Monday, May, 4. For The Lighthouse’s first featured artist, Jorah Kai sits down with an old friend, the eclectic and talented globe trotter, Dammien Alexander to discuss his new album, COVID, and 2020 vision.
Jorah Kai: Hey Dame, great to connect with you. I’ve been following your career with interest since I accidentally ended up in one of your music videos about a decade ago – what song was that called? I remember it being quite a creative song and video, we filmed it on Gottingen in Halifax, Canada, didn’t we?
Dammien Alexander: Yeah, it was actually a two-part video. The first song was called Homicide Hottie, the second Bang It Out. The concept was great, and I was so shocked as so many people I knew and didn’t know really pulled together to make it happen. The location was the Bus Stop Theatre on Gottingen Street in Halifax, my, has that neighborhood changed.
JK: That brings back a lot of good memories for me. What’s it like in Antigua, Guatemala, these days?
DA:.Right now, the rainy season has started, So it’s very hot during the day and heavy cloud cover at points. Even with that being said, you can always count on the sun coming out. Antigua being such a heavy tourist town was greatly affected by the viral outbreak. It has been eerily empty. It is quite a vibrant place, usually.
JK: You can do a lot with your loop pedals and own samples, which seems lucky at a time a lot of bands are not able to work together. Can you tell me about making your new album, Don’t Forget To Live?
DA: Well, first off, I’d like to say I got a lot of help with it. I really didn’t set out to make a record. I can remember thinking I am just going to concentrate on putting out a single. Which was the song Pedestrian Superstar recorded in Toronto. It’s funny you mention the band crisis; I figured out years ago that a band might not be sustainable, especially with the shrinking Canadian market. The looper allowed me to arrange sounds by sections so I can write to them, much like having a band. I play a few instruments and usually hear the parts quite clearly. I have a lot of friends who are sound engineers. One, in particular, is Charles Wishart Austin (@OceanFloorhfx). He was gracious enough to give me reduced rates to come in and compose. We’d do late-night sessions and just create. The studio is literally below a music shop, so I have access to all the instruments I could possibly imagine. His right-hand man Francisco Lopez did the eq and mastering.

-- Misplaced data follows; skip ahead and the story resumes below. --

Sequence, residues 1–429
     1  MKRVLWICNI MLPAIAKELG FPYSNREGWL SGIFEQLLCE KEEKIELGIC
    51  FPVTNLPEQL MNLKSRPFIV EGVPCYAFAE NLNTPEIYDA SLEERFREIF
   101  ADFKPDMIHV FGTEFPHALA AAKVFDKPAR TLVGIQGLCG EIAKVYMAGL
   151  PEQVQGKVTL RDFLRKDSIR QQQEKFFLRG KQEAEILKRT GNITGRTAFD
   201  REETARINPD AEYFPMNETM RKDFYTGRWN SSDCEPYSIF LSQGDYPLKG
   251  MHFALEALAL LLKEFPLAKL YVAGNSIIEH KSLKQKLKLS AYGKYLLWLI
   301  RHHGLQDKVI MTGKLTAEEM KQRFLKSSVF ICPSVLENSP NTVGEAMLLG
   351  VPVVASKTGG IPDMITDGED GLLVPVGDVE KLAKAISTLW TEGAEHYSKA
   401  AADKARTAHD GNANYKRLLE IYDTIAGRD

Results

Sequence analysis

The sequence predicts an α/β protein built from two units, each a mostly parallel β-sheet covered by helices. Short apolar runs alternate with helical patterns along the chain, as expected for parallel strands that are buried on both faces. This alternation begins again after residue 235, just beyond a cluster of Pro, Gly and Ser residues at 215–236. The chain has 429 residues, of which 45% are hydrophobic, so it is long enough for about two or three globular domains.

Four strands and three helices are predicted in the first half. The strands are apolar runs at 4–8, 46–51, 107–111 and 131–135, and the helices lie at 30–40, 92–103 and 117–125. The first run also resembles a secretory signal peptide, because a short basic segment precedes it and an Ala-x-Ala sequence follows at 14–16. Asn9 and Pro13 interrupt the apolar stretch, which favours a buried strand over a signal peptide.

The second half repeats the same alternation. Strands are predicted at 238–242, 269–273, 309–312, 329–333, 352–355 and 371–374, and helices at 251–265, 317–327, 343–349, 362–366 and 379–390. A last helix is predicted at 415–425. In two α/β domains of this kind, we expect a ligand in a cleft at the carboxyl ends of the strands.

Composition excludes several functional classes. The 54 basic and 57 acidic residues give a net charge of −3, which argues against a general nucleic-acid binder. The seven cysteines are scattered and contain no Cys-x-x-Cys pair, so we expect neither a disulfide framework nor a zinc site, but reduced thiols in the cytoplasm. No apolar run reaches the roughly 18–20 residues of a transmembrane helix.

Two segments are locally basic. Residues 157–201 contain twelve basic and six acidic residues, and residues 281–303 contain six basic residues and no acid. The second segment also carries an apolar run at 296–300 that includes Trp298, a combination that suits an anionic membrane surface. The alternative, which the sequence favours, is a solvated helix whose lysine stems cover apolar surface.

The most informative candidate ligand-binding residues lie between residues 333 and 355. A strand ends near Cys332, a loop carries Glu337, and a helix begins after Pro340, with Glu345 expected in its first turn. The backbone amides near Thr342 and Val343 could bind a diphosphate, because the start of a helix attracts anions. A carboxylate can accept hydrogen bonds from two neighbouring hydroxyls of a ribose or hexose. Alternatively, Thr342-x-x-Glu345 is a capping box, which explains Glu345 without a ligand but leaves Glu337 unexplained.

Man, he killed it. I’m very proud of the record because it’s formulated yes with a lot of determination, but most of it was being patient with the process. My other friend and longtime collaborator, Melissa Moffat (@melissamoffat), did the album art. She’s a collage artist from Toronto. I did manage to forge on of my favorite songs on the album with my former band (we never officially broke up, these are my brothers) Sin City. A funky rock tune that was recorded right off the floor. The album is a heavy fusion of Funk, Electro-Soul, R&B, Indie Rock, sprinkled with some elements of House music.
JK: So how are you planning to release this album?
DA: The digital release concert is actually happening Friday, May 8th, at 3 pm Guatemala time. I will be doing it at a place called the Tropicana Hostel. A local watering hole here in Antigua. Obviously, there is no audience. We are still under curfew and pretty specific quarantine measures, so we will work within those parameters.
JK: I hope we can tune in and enjoy this special moment with you. How is it being a musician in a pandemic?
DA: Honestly, at first, I had a sinking heart moment. I felt like damn, I could really just starve. Also, the thought of never being able to have an audience again really messed with me. I was already touring down here and just got started really, as I also hit Mexico and Costa Rica usually circle they Canada and then head to Europe. So for me, this really put a damper on things.
JK: I’d say. You handle it well, though, and I wish you the best. How do you feel about things, there, or on the global front?
Do you feel unsafe, or are you in a cool place? Is it easy to get food and supplies? Lots of people wearing masks, or is it pretty normal? What’s the vibe there like?